What do marjaeya and marja’ mean?
The marjaeya is a religious authority. A marja’ is a jurist who gives religious rulings based on Islamic teachings.
The word marja’ (Arabic: مَرْجَع) literally means “source”. This source may be a person, an entity, a system, or anything else. Islam regards a Marja’ is as a “source to follow”. It is a religious title given to a religious scholar of a high position who is capable of issuing verdicts (fatwa) based on an expert study of Islamic holy texts. The Marja’ acquires this level as a result of many years of scholarly research and advancement in matters of Islamic study, particularly Islamic practical laws.
The position of the marja’ is called marjaeya (Arabic: مَرْجَعِيَّة). The marjaeya is the highest religious authority amongst Muslims after the level of Imamate. The infallible Imams established this position after Prophet Muhammad (pbuh) and it became an essential concept during the age of occultation of the twelfth Imam al-Mahdi (p) since 325 AH (940 AD). Expert scholars in the Islamic seminary (hawzah, Arabic: حَوْزَة) can recognize a marja’. They may recognize him through several different ways, such as by his teachings, his students’ levels, his books and works of research, or by the recognition of other jurists – including his teacher(s) – verbally or in a written document. At this stage, he is called a jurist (mujtahid, Arabic مُجْتَهِد), and believers may follow his rulings. Thus, he technically becomes a marja’, since Muslims started following his verdicts. To be certain of following the religion and God’s teachings properly during the occultation of Imam al-Mahdi (p), it is an obligation to follow the most knowledgeable jurist with a high level of piety. When the majority follows a marja’, he will be recognized as the highest marja’ (marja’ al-A’laa, Arabic: المرجع الأعلى) in the Islamic world.
The main role of the marja’ during the occultation of the twelfth Imam al-Mahdi (p) is limited to the following:
1. Teaching and enlightening:
The marja’ has the responsibilities of having a complete understanding of the mission of the religion of Islam, teaching it on different levels, and defending it by answering any type of question or critique. Seminaries throughout history show us the main foundation for this mission. For example, Imam Jafar al-Sadiq (p), (702-765 AD), had over nine hundred students, and every one of them was a teacher for a group of scholars in Kufa, Iraq. Another example is the late marja’ Sayyid Abu al-Qasim al-Khoei (1899-1992 AD), who had over one thousand students, and more than one hundred of them had attained the status of “jurist” from his school during his lifetime. This wealth of knowledge builds, sustains, and empowers the religious teachings of Islam and keeps it standing. It is the first of the marja’s priorities.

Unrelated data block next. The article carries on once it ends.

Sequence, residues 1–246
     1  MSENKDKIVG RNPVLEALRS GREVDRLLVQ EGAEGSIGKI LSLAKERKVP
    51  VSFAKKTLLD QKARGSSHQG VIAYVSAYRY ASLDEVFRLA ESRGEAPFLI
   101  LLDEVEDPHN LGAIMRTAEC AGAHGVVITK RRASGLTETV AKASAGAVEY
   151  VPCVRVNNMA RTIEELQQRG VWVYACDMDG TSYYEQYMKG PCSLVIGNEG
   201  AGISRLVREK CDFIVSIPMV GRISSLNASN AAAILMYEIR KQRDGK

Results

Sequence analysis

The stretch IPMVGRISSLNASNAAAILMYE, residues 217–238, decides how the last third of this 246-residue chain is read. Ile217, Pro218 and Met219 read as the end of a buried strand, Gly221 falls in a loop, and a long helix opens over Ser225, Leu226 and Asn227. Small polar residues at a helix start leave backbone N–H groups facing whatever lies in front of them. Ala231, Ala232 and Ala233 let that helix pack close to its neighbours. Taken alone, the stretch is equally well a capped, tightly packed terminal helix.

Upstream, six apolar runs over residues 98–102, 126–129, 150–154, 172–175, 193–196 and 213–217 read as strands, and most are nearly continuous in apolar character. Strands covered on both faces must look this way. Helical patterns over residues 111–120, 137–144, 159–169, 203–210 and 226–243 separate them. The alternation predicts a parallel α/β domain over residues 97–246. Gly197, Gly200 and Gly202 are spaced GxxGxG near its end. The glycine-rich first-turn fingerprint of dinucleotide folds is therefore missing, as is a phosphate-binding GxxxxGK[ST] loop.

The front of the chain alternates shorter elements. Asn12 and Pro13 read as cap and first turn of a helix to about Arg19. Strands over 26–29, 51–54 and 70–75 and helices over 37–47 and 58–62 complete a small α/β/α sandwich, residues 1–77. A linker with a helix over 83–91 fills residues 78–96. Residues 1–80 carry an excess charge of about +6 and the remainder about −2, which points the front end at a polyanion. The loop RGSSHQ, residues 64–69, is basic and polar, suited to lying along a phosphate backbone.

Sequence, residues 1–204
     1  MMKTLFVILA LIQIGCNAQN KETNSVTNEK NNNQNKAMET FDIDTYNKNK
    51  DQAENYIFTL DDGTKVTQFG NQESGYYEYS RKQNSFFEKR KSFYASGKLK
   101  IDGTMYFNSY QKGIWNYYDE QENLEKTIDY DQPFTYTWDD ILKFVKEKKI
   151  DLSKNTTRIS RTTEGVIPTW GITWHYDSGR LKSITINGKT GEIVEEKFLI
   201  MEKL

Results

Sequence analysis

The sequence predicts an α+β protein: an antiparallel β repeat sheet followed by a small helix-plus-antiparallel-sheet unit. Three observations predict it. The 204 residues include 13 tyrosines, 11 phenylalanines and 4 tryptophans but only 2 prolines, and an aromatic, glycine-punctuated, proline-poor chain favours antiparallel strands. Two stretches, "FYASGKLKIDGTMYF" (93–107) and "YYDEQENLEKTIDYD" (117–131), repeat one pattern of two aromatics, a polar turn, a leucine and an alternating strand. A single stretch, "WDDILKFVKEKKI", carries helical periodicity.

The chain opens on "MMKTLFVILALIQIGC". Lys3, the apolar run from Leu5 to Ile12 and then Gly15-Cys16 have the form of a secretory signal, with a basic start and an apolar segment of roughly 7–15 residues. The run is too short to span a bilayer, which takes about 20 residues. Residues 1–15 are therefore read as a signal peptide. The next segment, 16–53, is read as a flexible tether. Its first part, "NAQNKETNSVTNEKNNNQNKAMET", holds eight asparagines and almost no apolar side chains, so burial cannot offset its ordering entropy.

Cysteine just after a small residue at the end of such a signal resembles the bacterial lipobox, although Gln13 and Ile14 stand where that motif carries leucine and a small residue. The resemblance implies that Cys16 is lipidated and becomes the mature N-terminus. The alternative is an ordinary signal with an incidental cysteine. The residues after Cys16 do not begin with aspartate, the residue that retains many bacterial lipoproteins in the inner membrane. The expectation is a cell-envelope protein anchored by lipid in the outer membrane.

2. Issuing rulings and judgments:
The marja’ is responsible for issuing verdict(s) pertaining to all matters of religion, such as prayer, fasting, charity, human rights, marriage, divorce, and death. The marja’ is also responsible for solving all types of disputes that may arise between any individuals or groups of his followers. His judgment is considered as the final word and must be fulfilled by all parties, without objection or rejection.
3. Being the authority:
The marja’ is responsible for leading and guiding his followers through his knowledge and verdicts along with his wisdom and high level of “piety”. There are various opinions and arguments about the limitations of the authority of the jurist and how far its reach should be. During the past thousand years, the majority of scholars and jurists who were knowledgeable in this subject matter believed that the qualified marja’ had the general authority on behalf of the twelfth Imam al-Mahdi (p) over all Muslims, regardless of race, gender, nationality, ethnicity, or geographic borders. It is essentially a spiritual relationship between the followers and their religious leader that covers all their religious needs, such as authority over orphans, authority over the unjust husband who does not fulfill his wife’s rights and abstains from divorcing her, authority over all charitable dues (such as khums, zakat, and sadaqa), and authority over public religious entities such as mosques.
The power and influence of the marja’
The power and influence of the marja’ results from the following:
1. The command from the infallible Imams (p) to the Muslims to follow their religious leaders in the Imams’ absence and whenever pious jurists give guidance, verdicts, and orders Muslims should consider them to be on behalf of the infallible Imams (p).
2. The spiritual bond and relationship between jurists and their followers.
3. Political and financial independence. Jurists, in Islamic Shia Muslim theological belief, cannot have an allegiance to any government. Likewise, from a financial perspective, the religious authority meets its needs through internal financial resources which are given by the followers as religious dues.